Christopher Stowell steps down.
Stowell rehearsing Yuka Iino and Jon Drake. Photo: Blaine Truitt Covert, Courtesy OBT
Last spring, Oregon Ballet Theatre’s dancers tore up the stage of Portland’s Newmark Theatre in a downright thrilling performance of Balanchine’s Stravinsky Violin Concerto, providing a watershed moment in Christopher Stowell’s artistic directorship. The ballet demands mathematical precision, acute musicality, clean technique, and exuberance—which the dancers delivered in spades. The program was further proof that these dancers can perform anything thrown at them, from Giselle to Forsythe’s The Second Detail. Portland finally had a company equal in quality to the city’s opera, symphony, and art museum.
But Stowell resigned last December, citing the board’s divergent vision. In nearly a decade of leadership, the son of Kent Stowell and Francia Russell, who had a stellar career as a San Francisco Ballet principal, used his experience, connections, talent, and good taste to forge a well-schooled, classically oriented company that performed ballets by Wheeldon, Robbins, Nicolo Fonte, Trey McIntyre, and himself.
“I am most proud of accomplishing a unity of spirit, a sense that the organization and the audience embrace the same artistic values,” says Stowell. “We’ve built a sophisticated and diverse rep that a company this size can be proud of, that attracts dancers, because they get to work with it, and many choreographers.”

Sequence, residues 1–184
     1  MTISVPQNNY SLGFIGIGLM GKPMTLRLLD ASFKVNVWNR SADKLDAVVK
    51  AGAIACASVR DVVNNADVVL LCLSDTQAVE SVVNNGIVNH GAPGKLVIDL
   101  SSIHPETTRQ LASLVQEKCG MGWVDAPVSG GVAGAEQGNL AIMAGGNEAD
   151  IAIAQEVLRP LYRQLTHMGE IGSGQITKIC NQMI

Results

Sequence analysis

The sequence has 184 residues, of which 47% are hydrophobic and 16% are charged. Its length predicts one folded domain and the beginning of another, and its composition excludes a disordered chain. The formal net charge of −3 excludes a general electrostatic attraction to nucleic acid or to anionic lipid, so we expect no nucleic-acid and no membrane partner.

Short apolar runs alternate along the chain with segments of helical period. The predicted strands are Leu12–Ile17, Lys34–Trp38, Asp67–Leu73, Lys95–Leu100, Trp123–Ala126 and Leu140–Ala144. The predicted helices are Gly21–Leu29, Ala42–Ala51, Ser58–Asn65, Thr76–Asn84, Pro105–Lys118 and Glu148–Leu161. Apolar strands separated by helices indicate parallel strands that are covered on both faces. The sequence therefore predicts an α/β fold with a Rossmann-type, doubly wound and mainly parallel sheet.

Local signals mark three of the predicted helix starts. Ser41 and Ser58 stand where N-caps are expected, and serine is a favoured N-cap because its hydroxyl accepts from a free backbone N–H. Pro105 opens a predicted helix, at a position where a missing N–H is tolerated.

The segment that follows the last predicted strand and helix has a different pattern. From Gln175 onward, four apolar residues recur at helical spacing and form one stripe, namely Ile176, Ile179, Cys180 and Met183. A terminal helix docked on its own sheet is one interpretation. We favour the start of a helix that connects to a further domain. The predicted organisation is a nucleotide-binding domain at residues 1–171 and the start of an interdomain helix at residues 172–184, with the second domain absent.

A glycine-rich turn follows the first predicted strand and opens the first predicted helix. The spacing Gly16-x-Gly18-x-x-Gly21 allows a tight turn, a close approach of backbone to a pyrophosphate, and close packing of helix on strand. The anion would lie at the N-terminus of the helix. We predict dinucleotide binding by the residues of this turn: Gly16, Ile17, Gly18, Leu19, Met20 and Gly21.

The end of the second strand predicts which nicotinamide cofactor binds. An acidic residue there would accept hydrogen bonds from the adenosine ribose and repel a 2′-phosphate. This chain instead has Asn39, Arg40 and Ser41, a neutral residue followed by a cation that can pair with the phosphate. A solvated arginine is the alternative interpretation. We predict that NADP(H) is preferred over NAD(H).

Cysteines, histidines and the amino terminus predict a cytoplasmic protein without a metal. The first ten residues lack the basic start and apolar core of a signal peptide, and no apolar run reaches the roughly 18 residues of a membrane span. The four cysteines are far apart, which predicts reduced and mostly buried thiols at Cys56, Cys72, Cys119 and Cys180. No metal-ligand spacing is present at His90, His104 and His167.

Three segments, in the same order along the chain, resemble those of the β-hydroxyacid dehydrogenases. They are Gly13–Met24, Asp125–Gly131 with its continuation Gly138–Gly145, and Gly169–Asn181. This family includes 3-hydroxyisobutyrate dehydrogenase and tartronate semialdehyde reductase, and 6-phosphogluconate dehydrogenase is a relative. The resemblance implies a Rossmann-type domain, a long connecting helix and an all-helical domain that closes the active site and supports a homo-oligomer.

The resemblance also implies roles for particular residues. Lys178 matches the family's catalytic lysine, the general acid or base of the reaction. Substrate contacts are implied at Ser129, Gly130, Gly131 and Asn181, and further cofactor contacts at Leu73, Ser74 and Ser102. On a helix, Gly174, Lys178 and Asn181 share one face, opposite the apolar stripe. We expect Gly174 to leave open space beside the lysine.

Dancers appreciate his clarity in the studio. “He is so articulate,” says Candace Bouchard. “You always know exactly what he wants.” Anne Mueller, OBT’s interim artistic director, considers herself “deeply lucky” to have worked with him “in a variety of capacities. In each one, he found a way to challenge me at the same time as giving me a true voice.”
In 2009, Stowell met a challenge of his own when OBT, which had no financial reserves (and still doesn’t), discovered a $750,000 season budget shortfall. In three weeks, Stowell put together Dance United, a gala performance by dancers from all over the country, helping to raise $900,000.
OBT will continue to perform Stowell’s choreography: three of his pieces, including a premiere, appear on the 2013–14 season lineup. In time, Stowell may use his talents and connections to run another company. Meanwhile, the offers to teach, coach, and stage are coming in from the Balanchine Trust and companies in Estonia and Sweden.